Customer acquisition costs
Once you’ve tabulated the costs, you can determine how your subscription will be priced.
Most ecommerce experts suggest looking for around a 40% profit margin. Talk to prospective customers and nail down pricing that works best for both you and them.
One of the most important components of starting a subscription-based business is the products themselves. There are two important factors to consider when choosing your supplier:
You’ll need a supplier who can source your products on an ongoing basis to ship hundreds of boxes each month. You simply can’t afford to have boxes turning up late or missing a few products. It’s best to go with suppliers with a proven track record, even if you’re paying a premium. For example, Chargebee integrates with BigCommerce, which helps you manage your subscriptions, order fulfillment, and recurring billing with ease. Choosing a partner with extensive subscription APIs and plugins can help you grow your business to new heights.
You can probably expect to pay something between wholesale and retail prices for your products while starting off.
Contact a bunch of different suppliers you’re interested in to find out their rates. You can use this information as leverage while negotiating with other suppliers and finding the best deal for yourself.
Next, you need to figure out how your customers will find and buy from you.
The most common starting point would be building a website. If you’re an emerging startup, you could go for the simple template site functionality offered by most ecommerce platforms. The drag and drop interface means it’s easy to create and relatively inexpensive.
If you want your website to be tailored exactly how you want, you’ll need to build a custom ecommerce site. This will allow you to customize every single aspect of your site to drive more conversions. However, this will be more expensive and require more technical expertise and, therefore, more time-consuming.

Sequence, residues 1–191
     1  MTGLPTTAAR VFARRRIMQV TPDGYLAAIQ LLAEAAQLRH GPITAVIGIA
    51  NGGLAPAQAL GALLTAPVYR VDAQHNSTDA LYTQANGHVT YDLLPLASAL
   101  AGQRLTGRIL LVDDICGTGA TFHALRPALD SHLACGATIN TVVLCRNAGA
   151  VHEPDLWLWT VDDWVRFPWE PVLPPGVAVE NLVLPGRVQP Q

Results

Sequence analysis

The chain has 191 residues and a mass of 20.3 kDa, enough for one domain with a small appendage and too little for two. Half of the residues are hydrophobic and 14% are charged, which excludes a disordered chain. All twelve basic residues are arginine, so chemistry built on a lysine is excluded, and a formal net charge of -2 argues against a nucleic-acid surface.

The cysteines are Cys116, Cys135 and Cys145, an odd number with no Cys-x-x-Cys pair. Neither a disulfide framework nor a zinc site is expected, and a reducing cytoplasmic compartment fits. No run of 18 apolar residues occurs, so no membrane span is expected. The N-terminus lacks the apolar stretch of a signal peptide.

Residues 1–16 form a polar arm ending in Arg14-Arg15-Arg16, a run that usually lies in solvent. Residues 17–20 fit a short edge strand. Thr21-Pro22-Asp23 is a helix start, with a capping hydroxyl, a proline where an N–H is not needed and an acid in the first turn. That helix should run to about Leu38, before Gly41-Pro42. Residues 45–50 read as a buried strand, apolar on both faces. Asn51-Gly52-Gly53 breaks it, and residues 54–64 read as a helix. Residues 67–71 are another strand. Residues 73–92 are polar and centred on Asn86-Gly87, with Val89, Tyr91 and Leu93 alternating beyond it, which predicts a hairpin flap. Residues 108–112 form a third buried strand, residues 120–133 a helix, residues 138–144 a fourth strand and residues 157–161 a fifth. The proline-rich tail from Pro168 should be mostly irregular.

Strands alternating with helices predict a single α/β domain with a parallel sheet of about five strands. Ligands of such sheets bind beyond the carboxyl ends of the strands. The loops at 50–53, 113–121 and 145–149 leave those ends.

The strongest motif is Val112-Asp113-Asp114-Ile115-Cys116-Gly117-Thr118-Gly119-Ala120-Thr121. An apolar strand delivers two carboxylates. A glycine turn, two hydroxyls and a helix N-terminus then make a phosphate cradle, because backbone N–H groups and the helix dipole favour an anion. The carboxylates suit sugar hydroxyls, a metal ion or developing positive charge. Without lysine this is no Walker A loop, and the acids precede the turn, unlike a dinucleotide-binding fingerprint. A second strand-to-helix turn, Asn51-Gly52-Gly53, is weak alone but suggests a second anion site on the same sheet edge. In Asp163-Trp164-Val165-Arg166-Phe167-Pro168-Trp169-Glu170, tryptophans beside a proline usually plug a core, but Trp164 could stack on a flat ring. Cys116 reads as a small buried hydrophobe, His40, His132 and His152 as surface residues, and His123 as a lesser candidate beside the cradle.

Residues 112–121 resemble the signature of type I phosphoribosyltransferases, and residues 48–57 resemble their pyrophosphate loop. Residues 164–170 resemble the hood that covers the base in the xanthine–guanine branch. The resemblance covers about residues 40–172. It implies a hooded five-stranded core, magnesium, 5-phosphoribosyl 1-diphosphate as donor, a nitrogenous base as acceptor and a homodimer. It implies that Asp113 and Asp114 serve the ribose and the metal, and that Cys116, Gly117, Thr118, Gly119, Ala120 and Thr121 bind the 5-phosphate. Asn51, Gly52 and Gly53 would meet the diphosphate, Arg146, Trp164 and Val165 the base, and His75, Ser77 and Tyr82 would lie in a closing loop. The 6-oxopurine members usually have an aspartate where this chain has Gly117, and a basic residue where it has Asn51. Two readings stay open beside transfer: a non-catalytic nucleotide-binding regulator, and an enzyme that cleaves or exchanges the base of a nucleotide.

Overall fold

Besides your website itself, identify the different channels your target audience is on and create a presence there to drive traffic to your online store. This could be anything from creating a page on Instagram/Facebook or creating a group from your WhatsApp Business Account.
Effective branding and packaging is an important aspect of how people will recognize you.
When it comes to branding, there are three main aspects to take care of:
A good brand name will allow people to know exactly what you sell without any additional context. For example, when we think of stores like Dollar Shave Club or Bark Box, most people will immediately know they’re selling razors and dog products, respectively.
Similarly, you also want a logo that people can immediately associate with you and a slogan that shows what you stand for and the value in doing business with you.
One of the major attractions of ecommerce subscriptions for customers is the experience of unboxing their package.
And you’ll want your packaging to make customers look forward to this experience every month (or however often you plan to ship).